Marriage bliss evades Saudi nurses

In this file photo, nurses walk in the emergency department at a Hospital in Makkah, Saudi Arabia. (Reuters)
Updated 19 May 2016

Marriage bliss evades Saudi nurses

JEDDAH: Saudi nurses are complaining that there is little support for them in the workplace and that they still face opposition from fellow citizens for taking up the profession.
While they recognize it is a noble profession, much of Saudi society needs to be convinced of this fact. Many single nurses said they do not get marriage proposals, while those married are often threatened with divorce, a media report said.
They said that they are working long hours, often at night. Some have called on the Health Ministry to hire expatriate nurses.
According to recent statistics, only 30 percent of nurses are citizens. In addition, only 3 percent have bachelor’s degrees and 97 percent diplomas, while internationally 70 percent of nurses have degrees and the rest diplomas.
The report stated that some people believe Saudi nurses are more interested in their appearance and mobile phones, rather than caring for patients. They are also not as competent as foreigners, the report stated.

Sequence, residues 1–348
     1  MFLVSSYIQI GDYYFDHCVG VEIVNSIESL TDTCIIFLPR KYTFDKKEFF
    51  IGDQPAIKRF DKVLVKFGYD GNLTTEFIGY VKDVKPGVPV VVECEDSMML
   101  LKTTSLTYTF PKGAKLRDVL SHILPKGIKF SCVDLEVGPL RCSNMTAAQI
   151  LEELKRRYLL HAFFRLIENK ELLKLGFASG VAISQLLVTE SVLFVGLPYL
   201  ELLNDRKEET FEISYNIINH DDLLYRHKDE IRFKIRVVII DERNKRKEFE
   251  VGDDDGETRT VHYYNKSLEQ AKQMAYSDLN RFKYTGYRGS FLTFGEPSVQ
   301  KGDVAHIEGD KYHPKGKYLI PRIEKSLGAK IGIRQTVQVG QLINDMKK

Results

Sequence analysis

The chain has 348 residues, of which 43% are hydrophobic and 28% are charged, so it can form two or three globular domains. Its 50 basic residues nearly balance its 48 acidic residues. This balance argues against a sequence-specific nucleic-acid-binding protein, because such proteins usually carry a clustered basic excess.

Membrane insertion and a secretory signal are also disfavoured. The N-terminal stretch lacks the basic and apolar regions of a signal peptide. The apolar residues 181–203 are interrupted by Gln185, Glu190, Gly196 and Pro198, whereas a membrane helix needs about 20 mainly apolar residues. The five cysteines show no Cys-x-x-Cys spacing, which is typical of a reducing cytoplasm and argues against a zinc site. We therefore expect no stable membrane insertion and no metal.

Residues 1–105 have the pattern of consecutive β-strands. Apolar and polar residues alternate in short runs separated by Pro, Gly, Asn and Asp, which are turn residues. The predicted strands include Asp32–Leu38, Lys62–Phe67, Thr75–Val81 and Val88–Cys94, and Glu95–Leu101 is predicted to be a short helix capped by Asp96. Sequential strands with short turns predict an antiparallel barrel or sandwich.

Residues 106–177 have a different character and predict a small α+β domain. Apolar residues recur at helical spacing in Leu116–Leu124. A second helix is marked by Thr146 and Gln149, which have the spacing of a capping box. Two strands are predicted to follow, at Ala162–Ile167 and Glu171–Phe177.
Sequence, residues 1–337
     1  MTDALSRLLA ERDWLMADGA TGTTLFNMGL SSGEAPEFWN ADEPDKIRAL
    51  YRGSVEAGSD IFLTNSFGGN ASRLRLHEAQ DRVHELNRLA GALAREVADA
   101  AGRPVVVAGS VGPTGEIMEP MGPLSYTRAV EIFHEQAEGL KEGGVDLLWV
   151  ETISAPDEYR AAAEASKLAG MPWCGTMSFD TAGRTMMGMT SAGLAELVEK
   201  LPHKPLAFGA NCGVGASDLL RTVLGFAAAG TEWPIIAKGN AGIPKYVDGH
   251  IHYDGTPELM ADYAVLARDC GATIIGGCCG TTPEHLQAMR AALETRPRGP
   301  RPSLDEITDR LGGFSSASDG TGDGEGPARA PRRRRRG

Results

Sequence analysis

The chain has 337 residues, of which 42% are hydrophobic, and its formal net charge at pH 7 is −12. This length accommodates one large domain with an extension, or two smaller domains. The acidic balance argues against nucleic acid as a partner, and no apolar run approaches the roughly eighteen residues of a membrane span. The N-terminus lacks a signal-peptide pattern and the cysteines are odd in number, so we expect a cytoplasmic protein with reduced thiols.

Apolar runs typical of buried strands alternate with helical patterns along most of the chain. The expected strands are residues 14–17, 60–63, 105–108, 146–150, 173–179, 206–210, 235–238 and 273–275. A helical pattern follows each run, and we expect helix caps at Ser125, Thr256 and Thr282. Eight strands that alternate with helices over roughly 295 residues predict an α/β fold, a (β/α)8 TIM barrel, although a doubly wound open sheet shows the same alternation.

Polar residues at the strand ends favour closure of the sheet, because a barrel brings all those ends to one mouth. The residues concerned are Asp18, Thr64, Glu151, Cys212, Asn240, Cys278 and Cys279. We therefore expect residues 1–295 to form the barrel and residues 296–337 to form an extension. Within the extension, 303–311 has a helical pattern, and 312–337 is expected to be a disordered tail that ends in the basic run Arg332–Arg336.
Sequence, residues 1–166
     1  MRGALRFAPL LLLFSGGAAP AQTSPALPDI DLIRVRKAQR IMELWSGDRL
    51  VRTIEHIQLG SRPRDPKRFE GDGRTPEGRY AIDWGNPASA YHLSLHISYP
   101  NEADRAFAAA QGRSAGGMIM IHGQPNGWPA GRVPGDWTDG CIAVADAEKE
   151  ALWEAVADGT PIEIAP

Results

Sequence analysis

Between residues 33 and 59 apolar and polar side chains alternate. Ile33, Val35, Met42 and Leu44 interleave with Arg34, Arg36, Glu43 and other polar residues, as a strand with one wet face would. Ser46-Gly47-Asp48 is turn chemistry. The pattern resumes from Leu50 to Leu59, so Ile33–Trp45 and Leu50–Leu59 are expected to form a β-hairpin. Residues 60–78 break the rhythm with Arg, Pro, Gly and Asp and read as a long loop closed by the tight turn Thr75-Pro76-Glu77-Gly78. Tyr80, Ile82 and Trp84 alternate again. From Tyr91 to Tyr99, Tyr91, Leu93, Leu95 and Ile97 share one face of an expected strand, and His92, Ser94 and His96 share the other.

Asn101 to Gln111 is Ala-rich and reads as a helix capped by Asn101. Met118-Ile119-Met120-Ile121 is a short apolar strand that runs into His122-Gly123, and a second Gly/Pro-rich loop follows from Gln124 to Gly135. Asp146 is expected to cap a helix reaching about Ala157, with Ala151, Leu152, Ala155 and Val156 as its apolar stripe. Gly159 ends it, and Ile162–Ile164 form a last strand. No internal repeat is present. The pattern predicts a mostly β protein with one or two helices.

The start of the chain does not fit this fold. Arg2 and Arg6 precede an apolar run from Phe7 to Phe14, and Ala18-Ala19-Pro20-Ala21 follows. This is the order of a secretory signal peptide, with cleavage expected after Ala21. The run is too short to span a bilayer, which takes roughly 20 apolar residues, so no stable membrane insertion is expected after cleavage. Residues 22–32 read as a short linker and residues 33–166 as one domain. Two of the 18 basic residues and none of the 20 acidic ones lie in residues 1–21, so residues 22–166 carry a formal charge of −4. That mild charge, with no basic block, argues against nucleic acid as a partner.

However, several Saudi nurses said that they are often kept from gaining experience by expatriates who are afraid of being replaced. They are often assigned only simple tasks, they said.


Saudi Arabia welcomes Egypt’s new initiative for Libya

Updated 42 min 24 sec ago

Saudi Arabia welcomes Egypt’s new initiative for Libya

  • The Kingdom urged both the LNA and the GNA to implement a cease-fire immediately
  • Saudi Arabia also urged both to start negotiating under the auspices of the UN in order to establish safety in Libya

RIYADH: Saudi Arabia welcomed Egypt’s new initiative for Libya and president Abdel Fattah El-Sisi’s call for a cease-fire in the country on Saturday.
The Kingdom also welcomed all international efforts aiming to stop the fighting in Libya and encouraged negotiations based on the initiative, called the “Cairo declaration,” and recommendations made at the Geneva and Berlin conferences on Libya.
The Kingdom urged both eastern commander Khalifa Haftar’s Libyan National Army (LNA) and the rival Government of National Accord (GNA) to implement a cease-fire immediately.
Saudi Arabia also urged both to start negotiating under the auspices of the UN in order to establish safety and security in Libya and protect it from foreign interference.